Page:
The day started very wet and I was confined to barracks. This was ideal as there were (and still are) many greenhouse/potting shed jobs to be done. The sun has been shining a lot recently, this is obviously not a complaint, but as we are eager to make hay during these dry periods the greenhouse has been a little neglected. Obviously the essentials have been done such as watering and feeding, but this is followed with only a cursory scan for obvious disasters. Niggling problems had been pushed into corners and it was becoming apparent that these demons had to be faced if calm was to be maintained. So pots of dry vegetation were proclaimed well and truly dead, plants potted on and pricked out and a semblance of order reclaimed out of the chaos. I admit there was also an element of avoidance in doing these jobs, in the same way as when you have an essay to write it suddenly becomes imperative that the cooker be cleaned immediately.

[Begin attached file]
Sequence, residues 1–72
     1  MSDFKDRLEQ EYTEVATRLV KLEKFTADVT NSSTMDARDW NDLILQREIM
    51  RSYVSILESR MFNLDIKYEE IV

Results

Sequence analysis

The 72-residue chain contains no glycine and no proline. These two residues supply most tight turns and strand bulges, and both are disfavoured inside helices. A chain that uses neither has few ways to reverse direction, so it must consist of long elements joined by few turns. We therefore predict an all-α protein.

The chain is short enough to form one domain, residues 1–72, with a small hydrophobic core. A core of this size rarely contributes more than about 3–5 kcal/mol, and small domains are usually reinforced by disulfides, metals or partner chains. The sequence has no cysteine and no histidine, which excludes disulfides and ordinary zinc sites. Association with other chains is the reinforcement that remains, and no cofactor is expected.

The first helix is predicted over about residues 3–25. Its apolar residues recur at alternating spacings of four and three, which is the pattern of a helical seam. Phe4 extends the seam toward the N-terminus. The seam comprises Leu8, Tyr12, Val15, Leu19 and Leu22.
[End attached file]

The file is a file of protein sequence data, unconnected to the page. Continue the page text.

Late morning the sun came out and the pottering continued outside with weeding, dead heading and cutting back in a very laid back manner. You just know this can’t last, only two and half days to go until the man appears with his Pentax.
These Zantedeschia aethopica, commonly known as the Calla or Arum Lily, live in the corner of the tennis court lawn where it is both shady and damp. It is native to southern Africa and is known as Varkoor or Pigs Ear in Afrikaans. They share a bed with some candelabra primulas, periwinkle and, recently moved in, some red stemmed salix.